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I saw Tex Ritter perform not long before he died. I was visiting Nashville in the '70s when Ritter - once again - took center stage at the Grand Old Opry.

John Ritter's daddy didn't exactly sing up a storm that night. He was old, weary, hobbled - but he was still game. He sat on a stool at stage left - flashing a belt buckle the size of Texas - and growled the lyrics he'd probably growled 10,000 times: "Do not forsake me, Oh, my darlin' " from the movie "High Noon." And: "If the ocean were whiskey and I was a duck, I'd dive to the bottom and never come up. . . ."Ritter, of course, was from the clan of singing cowboys, the satin-shirt set with the silly neckerchiefs that featured Gene Autry, Roy Rogers, Rex Allen and many others. Hollywood's "horse opera" crooners, in fact, gave us that word "western" in "country and western." And for years people have been trying to forget them, to write them off as Hollywood fantasies and Coca-Cola cowboys.

But over the past few years the singing cowboy has gotten another look and gained new stature. Randy Travis now sings duets with Rogers, aging oaters like Autry see their songs recycled, and record companies - like Capitol - are bringing out collections of classic singing cowboy material.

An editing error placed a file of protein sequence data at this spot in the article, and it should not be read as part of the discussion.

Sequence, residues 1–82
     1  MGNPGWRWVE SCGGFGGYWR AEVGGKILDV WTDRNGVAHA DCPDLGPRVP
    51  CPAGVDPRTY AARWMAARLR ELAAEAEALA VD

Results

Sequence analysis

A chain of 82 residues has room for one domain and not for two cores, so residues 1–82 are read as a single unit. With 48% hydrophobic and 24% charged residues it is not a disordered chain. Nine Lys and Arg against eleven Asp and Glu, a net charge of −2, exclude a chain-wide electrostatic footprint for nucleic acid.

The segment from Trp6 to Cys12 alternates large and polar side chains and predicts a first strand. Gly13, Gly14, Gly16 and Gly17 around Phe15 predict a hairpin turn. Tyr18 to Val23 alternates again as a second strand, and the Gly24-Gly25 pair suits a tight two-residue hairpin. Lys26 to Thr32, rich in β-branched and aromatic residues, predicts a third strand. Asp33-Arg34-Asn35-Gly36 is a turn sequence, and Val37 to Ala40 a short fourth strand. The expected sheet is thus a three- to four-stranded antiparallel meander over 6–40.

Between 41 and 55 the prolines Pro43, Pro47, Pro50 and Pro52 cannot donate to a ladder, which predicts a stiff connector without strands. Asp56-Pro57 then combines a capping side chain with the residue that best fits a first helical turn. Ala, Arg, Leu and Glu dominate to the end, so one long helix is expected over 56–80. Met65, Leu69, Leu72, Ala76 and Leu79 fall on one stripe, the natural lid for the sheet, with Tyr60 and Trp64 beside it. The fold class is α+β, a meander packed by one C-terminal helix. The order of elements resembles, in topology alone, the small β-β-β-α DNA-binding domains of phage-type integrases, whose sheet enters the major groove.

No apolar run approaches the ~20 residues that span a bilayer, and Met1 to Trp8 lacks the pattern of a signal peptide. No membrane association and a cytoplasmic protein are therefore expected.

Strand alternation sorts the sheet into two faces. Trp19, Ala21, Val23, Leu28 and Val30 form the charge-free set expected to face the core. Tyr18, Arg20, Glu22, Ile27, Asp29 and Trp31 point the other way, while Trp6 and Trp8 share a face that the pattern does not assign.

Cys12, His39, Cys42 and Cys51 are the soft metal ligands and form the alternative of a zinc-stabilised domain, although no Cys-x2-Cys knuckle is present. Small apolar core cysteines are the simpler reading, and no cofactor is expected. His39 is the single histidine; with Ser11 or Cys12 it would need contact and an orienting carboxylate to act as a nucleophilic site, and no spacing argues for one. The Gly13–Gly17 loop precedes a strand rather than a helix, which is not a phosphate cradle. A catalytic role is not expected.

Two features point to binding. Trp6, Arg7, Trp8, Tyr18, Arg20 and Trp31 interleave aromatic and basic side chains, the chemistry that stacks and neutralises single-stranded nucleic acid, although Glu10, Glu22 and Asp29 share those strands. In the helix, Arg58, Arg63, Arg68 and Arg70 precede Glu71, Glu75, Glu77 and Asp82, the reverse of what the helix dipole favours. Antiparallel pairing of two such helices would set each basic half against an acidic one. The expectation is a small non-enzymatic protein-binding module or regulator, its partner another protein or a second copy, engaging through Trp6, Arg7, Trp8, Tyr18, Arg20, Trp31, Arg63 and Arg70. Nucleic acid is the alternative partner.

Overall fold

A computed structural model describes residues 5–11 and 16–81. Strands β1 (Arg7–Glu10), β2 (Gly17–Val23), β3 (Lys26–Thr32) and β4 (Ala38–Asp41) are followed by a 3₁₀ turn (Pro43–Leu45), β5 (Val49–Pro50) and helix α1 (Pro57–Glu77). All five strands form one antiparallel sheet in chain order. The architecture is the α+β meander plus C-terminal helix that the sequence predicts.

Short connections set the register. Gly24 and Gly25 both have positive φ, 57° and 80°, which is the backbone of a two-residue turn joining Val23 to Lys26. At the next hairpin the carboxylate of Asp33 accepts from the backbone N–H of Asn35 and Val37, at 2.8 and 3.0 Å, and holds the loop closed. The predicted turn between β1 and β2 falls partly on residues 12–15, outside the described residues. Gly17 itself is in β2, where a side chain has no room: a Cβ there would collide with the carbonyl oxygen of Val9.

Hence this new 25-tune compact disc from Tex Ritter.

And if you're the type who likes to get a lot for your money, this may be your CD. There's almost 75 minutes of music here. Old songs from the '40s ("Jingle Jangle Jingle," "New Moon Over My Shoulder") have been digitally scraped clean and spiffed up. Newer tunes ("Buffalo Dream," "Rock and Rye") have been given more body.

No, this isn't Kris Kristofferson or George Strait; Ritter was a performer at "quarter deck," a man who never quite rose to the heights in movies or music. But this Capitol release shows him to be a singer who worked hard, worked often and worked for a long, long time.

Capitol has also tossed in a few extra perks for Ritter fans. "Big Rock Candy Mountain" comes complete with the studio banter that went on while Ritter waited for an airplane to pass over, old talkies such as "Daddy's Last Letter" and "Deck of Cards" reveal Ritter to be a respectable reader as well as singer.

A lengthy biography is included - with photographs - to build the case that Ritter indeed left a legacy.

After going through this CD, listeners will agree.